Fire up the ovens. Two Ithaca restaurateurs have started a pop-up kitchen serving street food at Lot 10, a bar on Cayuga Street.
Manny Flores and Gentry Morris, who worked at Mercato Bar & Kitchen, which has been closed since a fire in December, have opened Belly Ithaca, which serves pork entrees with locally sourced ingredients.
The pop-up, which opened Feb. 15, operates on Friday and Saturday nights from 7 p.m. to 12:30 a.m. on the lower level of Lot 10 and serves roughly 95 customers a night, Morris said.
Andrew Defran, a financial adviser at Merrill Lynch and an Ithaca resident, showed up to Belly Ithaca on Friday for an after-work nosh, choosing to sample pork rillettes, a rustic pâté that Flores and Morris served on a toasted baguette and topped with red peppers. Defran said his interest in Belly Ithaca stemmed from his patronage at Mercato.
“Knowing Manny from his last venture and being curious as to the food, I wanted to come down and try it out,” Defran said. “It’s my first time at Belly Ithaca, and I’m glad I came.”
Flores, a New York City native whose culinary pedigree includes working at Manhattan’s Gramercy Tavern, said he has been thinking about the pork-centric pop-up since he moved to Ithaca three years ago.
“[Mercato’s fire] definitely aided the occurrence of it, but I will say that I left Brooklyn three years ago with the idea to do a pub called Belly, where the focus would definitely be the food,” Flores said. “It would be pork-centric. I moved here with that in mind, but now we get to be a little creative with the presentation. The idea, the fire and the space here [at Lot 10] naturally just led to it happening.”
The low operational costs for food trucks and pop-ups allow cooks to take culinary risks, John Edge, author of “The Truck Food Cookbook: 150 Recipes and Ramblings from America’s Best Restaurants on Wheels,” said.
“Food trucks and pop-ups are part of the same phenomena in that they are efforts by cooks to produce food with integrity at really low costs,” Edge said. “You can take more chances, because your investment costs are lower. You can take something that makes sense in your own swirly head and you can test it. It’s like a trial balloon. It just happens that the balloon is filled with deep-fried porchetta sandwiches between artisanal ciabatta.”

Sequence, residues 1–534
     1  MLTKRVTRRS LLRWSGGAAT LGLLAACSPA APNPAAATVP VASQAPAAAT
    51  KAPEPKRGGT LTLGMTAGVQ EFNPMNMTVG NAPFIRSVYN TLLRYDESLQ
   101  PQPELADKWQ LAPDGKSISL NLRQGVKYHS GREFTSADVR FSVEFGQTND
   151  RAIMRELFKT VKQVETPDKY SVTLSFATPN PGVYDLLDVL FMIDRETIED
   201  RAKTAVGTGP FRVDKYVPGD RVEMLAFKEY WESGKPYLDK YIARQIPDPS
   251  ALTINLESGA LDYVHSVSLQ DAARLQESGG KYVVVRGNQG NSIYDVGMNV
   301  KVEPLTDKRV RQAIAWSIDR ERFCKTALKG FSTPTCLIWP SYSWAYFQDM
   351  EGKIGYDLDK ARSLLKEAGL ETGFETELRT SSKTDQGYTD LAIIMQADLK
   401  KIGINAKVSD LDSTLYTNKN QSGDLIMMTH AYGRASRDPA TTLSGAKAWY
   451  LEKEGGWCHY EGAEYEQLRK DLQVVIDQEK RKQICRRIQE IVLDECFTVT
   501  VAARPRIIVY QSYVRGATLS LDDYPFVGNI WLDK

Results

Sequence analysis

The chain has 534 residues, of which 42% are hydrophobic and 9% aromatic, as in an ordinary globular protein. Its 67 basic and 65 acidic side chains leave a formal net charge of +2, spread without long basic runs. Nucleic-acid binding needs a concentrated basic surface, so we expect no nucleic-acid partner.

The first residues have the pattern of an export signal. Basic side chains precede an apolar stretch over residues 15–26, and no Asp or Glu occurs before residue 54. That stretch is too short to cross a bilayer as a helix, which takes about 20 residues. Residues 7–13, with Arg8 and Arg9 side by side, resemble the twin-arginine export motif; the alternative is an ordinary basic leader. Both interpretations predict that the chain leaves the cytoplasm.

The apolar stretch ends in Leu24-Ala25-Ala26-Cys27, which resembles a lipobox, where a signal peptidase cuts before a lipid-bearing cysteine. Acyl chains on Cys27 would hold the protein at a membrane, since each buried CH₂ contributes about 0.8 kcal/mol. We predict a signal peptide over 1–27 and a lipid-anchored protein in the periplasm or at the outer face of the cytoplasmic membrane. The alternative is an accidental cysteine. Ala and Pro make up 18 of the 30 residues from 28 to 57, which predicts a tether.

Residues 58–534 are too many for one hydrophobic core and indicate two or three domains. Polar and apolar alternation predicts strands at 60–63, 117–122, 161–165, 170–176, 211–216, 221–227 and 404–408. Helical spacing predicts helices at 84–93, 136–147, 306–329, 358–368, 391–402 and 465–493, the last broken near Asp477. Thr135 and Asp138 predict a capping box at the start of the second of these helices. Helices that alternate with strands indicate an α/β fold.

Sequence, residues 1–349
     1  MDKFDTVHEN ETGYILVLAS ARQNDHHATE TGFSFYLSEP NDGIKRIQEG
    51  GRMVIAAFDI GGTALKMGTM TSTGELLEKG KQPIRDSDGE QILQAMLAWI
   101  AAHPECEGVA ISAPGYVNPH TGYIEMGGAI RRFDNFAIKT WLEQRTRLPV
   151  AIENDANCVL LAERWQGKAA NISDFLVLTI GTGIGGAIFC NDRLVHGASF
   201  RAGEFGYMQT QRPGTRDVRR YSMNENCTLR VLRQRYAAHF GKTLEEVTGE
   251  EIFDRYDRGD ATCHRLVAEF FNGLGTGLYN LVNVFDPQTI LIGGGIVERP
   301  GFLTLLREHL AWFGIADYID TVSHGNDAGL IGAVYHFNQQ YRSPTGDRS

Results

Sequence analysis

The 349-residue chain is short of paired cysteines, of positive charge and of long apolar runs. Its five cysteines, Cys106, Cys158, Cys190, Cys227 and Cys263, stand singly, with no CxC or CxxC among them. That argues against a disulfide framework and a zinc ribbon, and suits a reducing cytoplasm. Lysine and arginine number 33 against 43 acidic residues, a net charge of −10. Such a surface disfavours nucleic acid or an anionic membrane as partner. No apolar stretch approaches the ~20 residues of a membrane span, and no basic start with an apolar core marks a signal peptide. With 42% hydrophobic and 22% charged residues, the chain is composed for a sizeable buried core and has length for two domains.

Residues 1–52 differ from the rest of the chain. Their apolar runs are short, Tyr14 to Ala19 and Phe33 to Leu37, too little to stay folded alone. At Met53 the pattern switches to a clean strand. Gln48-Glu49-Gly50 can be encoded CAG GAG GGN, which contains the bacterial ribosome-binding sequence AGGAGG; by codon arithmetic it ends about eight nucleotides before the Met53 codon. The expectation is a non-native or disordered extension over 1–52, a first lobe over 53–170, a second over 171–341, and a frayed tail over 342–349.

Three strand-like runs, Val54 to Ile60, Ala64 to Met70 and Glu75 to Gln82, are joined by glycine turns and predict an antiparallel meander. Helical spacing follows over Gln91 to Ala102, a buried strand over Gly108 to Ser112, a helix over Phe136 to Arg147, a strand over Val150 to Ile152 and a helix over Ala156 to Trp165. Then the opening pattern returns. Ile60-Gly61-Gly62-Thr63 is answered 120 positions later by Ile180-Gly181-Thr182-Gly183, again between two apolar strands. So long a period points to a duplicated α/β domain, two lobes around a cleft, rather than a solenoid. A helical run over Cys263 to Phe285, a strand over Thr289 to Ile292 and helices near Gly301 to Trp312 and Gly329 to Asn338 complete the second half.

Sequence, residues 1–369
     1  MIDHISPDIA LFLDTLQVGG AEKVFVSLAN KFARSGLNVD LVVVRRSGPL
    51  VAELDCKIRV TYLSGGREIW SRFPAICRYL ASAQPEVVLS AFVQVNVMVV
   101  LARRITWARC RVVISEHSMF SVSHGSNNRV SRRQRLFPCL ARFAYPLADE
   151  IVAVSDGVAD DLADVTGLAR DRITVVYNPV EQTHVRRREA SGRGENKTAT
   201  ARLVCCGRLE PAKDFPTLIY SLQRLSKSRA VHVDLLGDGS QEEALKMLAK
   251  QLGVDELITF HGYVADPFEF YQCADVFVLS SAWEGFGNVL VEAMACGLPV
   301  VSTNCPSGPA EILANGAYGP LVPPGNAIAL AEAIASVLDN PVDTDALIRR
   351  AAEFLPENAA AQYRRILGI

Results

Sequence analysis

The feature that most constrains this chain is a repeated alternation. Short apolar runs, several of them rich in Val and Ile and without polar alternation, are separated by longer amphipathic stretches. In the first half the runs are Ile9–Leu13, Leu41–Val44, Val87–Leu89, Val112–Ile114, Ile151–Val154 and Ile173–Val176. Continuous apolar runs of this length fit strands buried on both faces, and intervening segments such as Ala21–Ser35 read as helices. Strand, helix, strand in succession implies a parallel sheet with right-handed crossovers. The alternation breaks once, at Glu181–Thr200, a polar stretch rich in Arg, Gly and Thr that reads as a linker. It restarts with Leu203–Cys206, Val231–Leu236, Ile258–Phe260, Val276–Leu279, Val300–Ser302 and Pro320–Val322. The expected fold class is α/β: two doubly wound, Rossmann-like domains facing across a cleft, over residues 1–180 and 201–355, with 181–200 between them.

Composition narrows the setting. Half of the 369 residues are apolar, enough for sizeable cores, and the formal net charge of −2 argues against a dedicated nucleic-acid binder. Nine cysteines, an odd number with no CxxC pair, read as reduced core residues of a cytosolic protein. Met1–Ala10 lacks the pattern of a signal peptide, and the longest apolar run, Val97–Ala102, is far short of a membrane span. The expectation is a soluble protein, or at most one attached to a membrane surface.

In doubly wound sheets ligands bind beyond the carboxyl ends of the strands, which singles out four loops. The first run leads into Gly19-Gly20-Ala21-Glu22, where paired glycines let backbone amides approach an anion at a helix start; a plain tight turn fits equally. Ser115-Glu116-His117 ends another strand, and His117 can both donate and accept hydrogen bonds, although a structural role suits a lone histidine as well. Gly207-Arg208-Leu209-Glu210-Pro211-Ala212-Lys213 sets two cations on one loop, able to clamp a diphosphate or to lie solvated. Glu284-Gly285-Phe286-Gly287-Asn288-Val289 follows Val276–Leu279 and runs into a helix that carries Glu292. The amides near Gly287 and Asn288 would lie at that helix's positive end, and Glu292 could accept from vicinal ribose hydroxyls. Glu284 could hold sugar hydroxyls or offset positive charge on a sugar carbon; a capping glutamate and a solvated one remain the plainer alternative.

Flores and Morris said Belly Ithaca’s focus on pork stems from the resourcefulness of the pig. They said they are focusing on using lesser-used parts of the pig, such as the belly or the ham hocks.
“Pre-World War II, lots of families, both rural and urban, raised a pig, and it was something that sustained the family for the year; it came through using the whole animal,” Flores said. “With factory farming, there’s access to whatever we want, but that doesn’t do justice to taking a life and using all of it.”
The pop-up kitchen, like the food truck, has become a cultural phenomenon for foodies in recent years, providing both creative and economic benefits. It allows foodies to create or try new ideas without the costs of operating a permanent location.
Matthew Riis, one of the owners of Lot 10, said the pop-up kitchen was a perfect solution after they closed their kitchen last September.
“We stopped doing our restaurant because it was a challenge for us to develop that steady clientele we needed, and our bar took off a lot quicker,” Riis said. “We’re all about quality. These guys use all local stuff. They really prepare in their time and energy, so we’re definitely pleased to have Belly on board.”
Customer Grace Ritter said Belly Ithaca seems to have found a niche in Ithaca.
“I love the food and the concept. It seems to work really well right here,” Ritter said. “It’s very laid back, and the food is superb.”
This article was originally produced by the Multimedia Journalism 48000 class.